G.L.O.W. Match Two Laurel Frank & Tala Mateo IMAGES


October 8 - 15, 2011

Reception: Saturday, October 8th, 8 - 11 PM
Location: 3006 W 7th St #220 Los Angeles CA 90005
Open Hours: 7 days (Weekend, 1 - 6 PM & Weekdays, 6 - 9 PM)

Commonwealth & Council continues its season of G.L.O.W. exhibitions with Match Two. This series of artist match-ups pays homage to GLOW: Gorgeous Ladies of Wrestling while expanding on the trademarked acronym with possibilities for other meanings in the midst of our shifting realities and narratives of difference. As a code of conduct, our G.L.O.W. encourages teamwork and positions its participants as co-conspirators rather than adversaries.

Match Two teams up Laurel Frank and Tala Mateo in the exhibition, Great Lovers of Women. This permutation of the acronym proclaims with unflinching candor our love of and solidarity with women. Through the fabrication of props imbued with magical chance and use of gender enhancing prosthetics as art materials, Frank and Tala script narratives of difference more nuanced than the sum of their parts.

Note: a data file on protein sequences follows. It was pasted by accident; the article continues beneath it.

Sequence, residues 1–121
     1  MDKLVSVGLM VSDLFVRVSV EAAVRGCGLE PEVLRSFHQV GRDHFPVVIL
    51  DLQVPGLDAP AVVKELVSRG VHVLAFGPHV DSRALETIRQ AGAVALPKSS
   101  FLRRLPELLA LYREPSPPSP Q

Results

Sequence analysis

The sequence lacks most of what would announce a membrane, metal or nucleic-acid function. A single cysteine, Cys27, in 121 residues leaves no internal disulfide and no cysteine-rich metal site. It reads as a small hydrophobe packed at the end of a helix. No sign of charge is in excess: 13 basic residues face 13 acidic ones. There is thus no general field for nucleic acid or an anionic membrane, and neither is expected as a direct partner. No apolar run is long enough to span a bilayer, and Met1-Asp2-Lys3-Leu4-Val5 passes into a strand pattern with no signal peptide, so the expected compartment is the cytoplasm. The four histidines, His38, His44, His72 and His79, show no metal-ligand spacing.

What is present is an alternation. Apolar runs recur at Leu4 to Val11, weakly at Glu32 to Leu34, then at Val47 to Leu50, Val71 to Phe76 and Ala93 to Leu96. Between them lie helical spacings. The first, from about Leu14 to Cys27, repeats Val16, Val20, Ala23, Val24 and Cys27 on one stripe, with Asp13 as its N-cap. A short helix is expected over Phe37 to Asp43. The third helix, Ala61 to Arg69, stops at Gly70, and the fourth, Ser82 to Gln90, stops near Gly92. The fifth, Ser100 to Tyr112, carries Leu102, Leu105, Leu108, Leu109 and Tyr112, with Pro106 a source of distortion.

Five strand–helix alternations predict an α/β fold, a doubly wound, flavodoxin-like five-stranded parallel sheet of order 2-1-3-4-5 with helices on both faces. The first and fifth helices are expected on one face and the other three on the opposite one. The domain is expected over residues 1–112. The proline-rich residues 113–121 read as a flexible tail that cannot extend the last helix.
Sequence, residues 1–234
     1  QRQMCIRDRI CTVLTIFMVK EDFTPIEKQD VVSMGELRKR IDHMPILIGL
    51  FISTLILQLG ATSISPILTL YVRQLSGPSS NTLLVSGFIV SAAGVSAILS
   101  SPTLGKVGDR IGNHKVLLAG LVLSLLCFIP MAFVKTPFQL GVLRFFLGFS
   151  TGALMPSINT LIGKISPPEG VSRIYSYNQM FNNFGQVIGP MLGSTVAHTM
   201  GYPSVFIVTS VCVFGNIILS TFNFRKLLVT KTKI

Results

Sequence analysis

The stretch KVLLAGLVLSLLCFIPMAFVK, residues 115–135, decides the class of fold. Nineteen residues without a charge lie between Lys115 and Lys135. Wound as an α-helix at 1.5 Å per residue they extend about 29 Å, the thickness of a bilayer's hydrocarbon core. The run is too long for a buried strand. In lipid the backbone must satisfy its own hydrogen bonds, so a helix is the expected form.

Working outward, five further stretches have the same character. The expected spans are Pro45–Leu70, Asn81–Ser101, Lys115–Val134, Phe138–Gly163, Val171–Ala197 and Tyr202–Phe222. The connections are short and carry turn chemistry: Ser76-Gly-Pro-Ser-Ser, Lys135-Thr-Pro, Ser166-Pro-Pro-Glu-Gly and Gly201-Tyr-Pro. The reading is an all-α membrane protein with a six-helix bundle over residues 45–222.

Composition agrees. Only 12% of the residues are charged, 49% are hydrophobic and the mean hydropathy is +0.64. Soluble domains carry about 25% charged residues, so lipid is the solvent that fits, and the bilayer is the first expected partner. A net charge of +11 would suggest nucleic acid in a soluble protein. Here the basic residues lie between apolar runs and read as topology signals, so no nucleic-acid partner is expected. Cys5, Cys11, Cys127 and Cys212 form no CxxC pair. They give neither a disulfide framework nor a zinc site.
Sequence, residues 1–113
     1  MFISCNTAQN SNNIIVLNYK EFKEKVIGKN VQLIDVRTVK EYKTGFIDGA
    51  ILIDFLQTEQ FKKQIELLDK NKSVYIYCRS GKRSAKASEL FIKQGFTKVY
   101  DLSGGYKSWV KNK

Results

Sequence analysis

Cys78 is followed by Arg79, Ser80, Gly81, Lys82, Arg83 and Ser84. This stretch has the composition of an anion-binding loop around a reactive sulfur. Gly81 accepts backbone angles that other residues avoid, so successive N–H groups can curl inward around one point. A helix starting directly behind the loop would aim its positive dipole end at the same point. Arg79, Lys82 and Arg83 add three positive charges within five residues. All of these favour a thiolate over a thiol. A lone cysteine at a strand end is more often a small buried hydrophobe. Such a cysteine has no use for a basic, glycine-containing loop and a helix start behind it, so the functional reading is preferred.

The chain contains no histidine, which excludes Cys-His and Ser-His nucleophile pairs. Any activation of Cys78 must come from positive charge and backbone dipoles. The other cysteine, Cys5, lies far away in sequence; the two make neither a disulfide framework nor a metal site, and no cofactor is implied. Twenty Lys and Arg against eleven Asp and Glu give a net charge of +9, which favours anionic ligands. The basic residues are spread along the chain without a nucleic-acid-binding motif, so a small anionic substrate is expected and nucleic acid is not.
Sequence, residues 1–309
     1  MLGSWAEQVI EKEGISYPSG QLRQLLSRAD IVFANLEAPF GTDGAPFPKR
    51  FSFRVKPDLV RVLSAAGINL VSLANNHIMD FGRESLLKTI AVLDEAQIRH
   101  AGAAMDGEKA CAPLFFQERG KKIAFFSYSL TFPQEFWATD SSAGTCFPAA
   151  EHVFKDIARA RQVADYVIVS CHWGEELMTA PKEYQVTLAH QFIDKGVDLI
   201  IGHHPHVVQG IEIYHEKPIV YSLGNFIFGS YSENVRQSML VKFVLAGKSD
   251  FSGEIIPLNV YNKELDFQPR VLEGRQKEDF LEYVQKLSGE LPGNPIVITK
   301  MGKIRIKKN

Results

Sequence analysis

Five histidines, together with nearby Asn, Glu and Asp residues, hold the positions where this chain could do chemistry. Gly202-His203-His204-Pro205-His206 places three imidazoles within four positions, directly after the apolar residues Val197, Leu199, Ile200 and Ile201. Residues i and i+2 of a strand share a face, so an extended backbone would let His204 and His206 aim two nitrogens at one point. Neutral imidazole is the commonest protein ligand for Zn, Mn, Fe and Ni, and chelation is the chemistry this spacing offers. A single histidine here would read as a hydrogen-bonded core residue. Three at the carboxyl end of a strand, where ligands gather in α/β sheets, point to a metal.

Laurel Frank’s sculptures speak to the process by which ordinary film set decoration can be elevated to Prop status by magical chance in the ritual choreography of narrative. Beginning with the materials that are used in a prop shop - clay, cardboard, glue - she creates the basic forms of the objects, taking care to leave handprints, exposed edges, and other clues to the physical process by which the objects come into being. It is in the embellishment, however, that the prop is transformed into a talisman, using wigs, glitter, sparkle foil, ribbon, and other humble, “fake” materials that are associated with props, but also are the historical adornments of queerness. By injecting humor and lyricism into her materials and their synthesis, Frank creates objects that are, in fact, no longer props but beings unto themselves.

In the body of work, Twilight, Tala Mateo shares her personal beauty secrets. Tala chronicles her love of and solidarity with women by customizing and repurposing gender enhancing prosthetics as art materials. Each and every makeup traces on sheets, peeled masks, and sutured nylons, claim time and space in a sequence of events that constantly negotiates gender and vulnerability more impending than the sum of their parts.

Laurel Frank lives and works in Los Angeles and tries not to work in Hollywood.

Tala Mateo lives, works, and commutes between Los Angeles and Orange County in twilight.